Vulval Discharge

Occurrence: Worldwide.
Age affected: Gilts, sows.
Causes: Poor hygiene; genital infections; urinary infections; oxalates / phosphates in urine; normal discharges.
Effects: White, yellow or grey discharge from vulva, maybe infertility.


Discharges from the vulva may be normal e.g. in the first few days after farrowing or mating, but may also be pathological. They may originate from the uterus, vagina, and vulva or from the urinary tract in cystitis and pyelonephritis. Post-farrowing discharges contain a number of bacteria including ß-haemolytic streptococci, Trueperella pyogenes, Actinobacillus suis, Bacteroides spp. and Clostridium spp. The bacteria appear to colonise the physiologically-disturbed uterus and vagina and give rise to inflammation in the walls of the vagina and/or endometritis.

The discharge eventually resolves but may be accompanied by mild cystitis or by metritis. Infection is probably ascending and often follows interference at farrowing. Post-weaning (or post-mating) vulval discharges can be caused by E. coli at high numbers (10 organisms) and by S. hyicus. The source of infection may be faecal contamination of the vulva, cystitis, uterine infection or service by dirty boards kept under poor hygienic conditions. Rising levels of progesterone as the animal enters metoestrus towards the end of the service period, reduce clearance of bacteria. Vaginitis may result or infection may progress to endometritis. Uterine infection may result in death of the eggs or developing embryos and delay return to service.

Mode of transmission

The bacteria causing this discharge are frequently present in the sow’s environment, and there is usually a predisposing cause for infection to take place. There is no specific means of transmission, but infection discharges can be initiated by the venereal route, through contaminated semen in AI and through service by a boar with local infections, especially if there is damage to the vulva and vagina. Infection can also be transmitted by poor hygiene at farrowing and when heavily pregnant animals lie on infected concrete in such a way that their vulvas are pressed open.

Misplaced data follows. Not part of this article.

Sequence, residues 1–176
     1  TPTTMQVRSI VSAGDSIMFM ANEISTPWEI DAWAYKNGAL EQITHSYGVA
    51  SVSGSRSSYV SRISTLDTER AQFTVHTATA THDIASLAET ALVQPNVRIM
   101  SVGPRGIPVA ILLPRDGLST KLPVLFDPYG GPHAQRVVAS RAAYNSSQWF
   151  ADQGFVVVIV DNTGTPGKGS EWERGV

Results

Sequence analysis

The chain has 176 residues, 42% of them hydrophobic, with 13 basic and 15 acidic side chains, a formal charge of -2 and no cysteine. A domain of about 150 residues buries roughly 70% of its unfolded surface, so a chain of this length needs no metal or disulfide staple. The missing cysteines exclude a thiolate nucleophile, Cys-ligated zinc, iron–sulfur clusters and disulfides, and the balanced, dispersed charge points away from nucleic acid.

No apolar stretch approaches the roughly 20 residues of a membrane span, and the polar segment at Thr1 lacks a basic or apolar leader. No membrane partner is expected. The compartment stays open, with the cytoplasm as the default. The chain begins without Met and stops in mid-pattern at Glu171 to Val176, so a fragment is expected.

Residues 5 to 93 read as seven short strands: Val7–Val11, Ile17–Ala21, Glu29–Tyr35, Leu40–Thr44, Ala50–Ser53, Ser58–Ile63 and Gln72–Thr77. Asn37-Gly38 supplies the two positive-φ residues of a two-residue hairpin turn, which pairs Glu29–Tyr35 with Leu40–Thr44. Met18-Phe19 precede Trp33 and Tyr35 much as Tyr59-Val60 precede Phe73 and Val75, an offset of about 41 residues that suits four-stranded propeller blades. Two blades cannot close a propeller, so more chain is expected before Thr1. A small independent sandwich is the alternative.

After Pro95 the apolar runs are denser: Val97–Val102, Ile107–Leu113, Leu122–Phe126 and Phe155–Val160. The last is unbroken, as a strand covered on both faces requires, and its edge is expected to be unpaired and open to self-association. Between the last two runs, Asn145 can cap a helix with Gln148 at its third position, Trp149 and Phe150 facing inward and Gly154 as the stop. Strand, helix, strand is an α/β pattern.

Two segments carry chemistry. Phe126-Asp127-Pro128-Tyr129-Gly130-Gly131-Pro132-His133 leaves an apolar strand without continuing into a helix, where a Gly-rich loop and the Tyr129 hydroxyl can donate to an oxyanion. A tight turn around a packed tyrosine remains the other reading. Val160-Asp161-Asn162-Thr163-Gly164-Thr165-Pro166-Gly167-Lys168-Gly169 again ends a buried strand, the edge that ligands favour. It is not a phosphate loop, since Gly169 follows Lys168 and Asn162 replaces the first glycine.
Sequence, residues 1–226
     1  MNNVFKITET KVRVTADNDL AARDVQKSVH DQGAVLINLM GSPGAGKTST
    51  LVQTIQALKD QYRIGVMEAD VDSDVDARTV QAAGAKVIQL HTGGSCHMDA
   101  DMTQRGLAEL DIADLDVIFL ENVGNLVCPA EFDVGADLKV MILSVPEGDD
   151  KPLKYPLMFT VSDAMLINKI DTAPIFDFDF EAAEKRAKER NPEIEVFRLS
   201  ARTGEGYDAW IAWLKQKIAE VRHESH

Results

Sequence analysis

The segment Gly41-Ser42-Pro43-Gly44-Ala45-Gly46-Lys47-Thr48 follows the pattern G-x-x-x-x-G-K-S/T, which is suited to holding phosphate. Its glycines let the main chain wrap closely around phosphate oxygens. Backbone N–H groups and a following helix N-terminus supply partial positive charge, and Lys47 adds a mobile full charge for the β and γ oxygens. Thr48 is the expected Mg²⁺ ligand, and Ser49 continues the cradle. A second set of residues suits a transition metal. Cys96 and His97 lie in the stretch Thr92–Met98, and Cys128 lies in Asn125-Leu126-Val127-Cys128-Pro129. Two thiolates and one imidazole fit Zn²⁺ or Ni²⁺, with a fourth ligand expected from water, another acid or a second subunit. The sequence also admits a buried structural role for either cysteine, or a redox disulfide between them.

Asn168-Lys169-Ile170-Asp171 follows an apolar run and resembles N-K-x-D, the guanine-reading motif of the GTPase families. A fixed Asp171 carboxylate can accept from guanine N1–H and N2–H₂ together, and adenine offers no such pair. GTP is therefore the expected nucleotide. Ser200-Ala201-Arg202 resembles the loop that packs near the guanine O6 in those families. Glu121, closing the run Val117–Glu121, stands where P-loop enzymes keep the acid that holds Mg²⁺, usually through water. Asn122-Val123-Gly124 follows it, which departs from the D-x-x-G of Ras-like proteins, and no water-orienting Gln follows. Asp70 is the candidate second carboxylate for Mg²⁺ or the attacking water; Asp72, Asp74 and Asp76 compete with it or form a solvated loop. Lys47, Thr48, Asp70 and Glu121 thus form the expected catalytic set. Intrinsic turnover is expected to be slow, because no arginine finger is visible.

Clinical signs

Post parturient vulval discharge occurs initially as a clear mucoid, serous or bloody discharge and normally dries up. It may persist for 5-7 days. Pus may then be seen during urination or may be found on the floor behind the sow. Extended weaning to service intervals may be recorded. Subsequent fertility may be reduced by 10% in animals recovered from discharge. Post-mating vulval discharge appears first as tacky mucus on the vulval lips 15-20 days post-service.

A creamy discharge then develops and may persist until at least 80 days post-service. Returns to service usually follow. Discharge is more common in older sows and rare in gilts of first parity animals. Endometritis, vaginitis and cystitis may all occur and may be distinguished by endoscopy. Volumes of discharge are usually highest (90ml) in endometritis and fertility is lowest (farrowing rate 14%) and depression of appetite is most severe. Vaginitis occurs in fewer cases of PMD than endometritis, has a later onset (12-30 days) produces lower volumes of discharge (14-26 ml) has a 70% farrowing rate and is not fatal.